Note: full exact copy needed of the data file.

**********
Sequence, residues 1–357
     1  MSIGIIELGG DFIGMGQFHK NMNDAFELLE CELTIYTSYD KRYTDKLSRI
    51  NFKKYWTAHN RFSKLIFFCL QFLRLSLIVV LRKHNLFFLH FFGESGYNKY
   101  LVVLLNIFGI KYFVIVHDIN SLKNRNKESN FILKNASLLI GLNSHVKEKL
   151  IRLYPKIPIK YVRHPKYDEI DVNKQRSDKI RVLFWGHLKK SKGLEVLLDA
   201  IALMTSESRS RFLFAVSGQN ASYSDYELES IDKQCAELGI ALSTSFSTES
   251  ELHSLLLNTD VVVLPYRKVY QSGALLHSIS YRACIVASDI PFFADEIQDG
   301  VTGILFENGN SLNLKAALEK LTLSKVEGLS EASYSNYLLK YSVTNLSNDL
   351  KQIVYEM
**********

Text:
Sequence, residues 1–357
     1  MSIGIIELGG DFIGMGQFHK NMNDAFELLE CELTIYTSYD KRYTDKLSRI
    51  NFKKYWTAHN RFSKLIFFCL QFLRLSLIVV LRKHNLFFLH FFGESGYNKY
   101  LVVLLNIFGI KYFVIVHDIN SLKNRNKESN FILKNASLLI GLNSHVKEKL
   151  IRLYPKIPIK YVRHPKYDEI DVNKQRSDKI RVLFWGHLKK SKGLEVLLDA
   201  IALMTSESRS RFLFAVSGQN ASYSDYELES IDKQCAELGI ALSTSFSTES
   251  ELHSLLLNTD VVVLPYRKVY QSGALLHSIS YRACIVASDI PFFADEIQDG
   301  VTGILFENGN SLNLKAALEK LTLSKVEGLS EASYSNYLLK YSVTNLSNDL
   351  KQIVYEM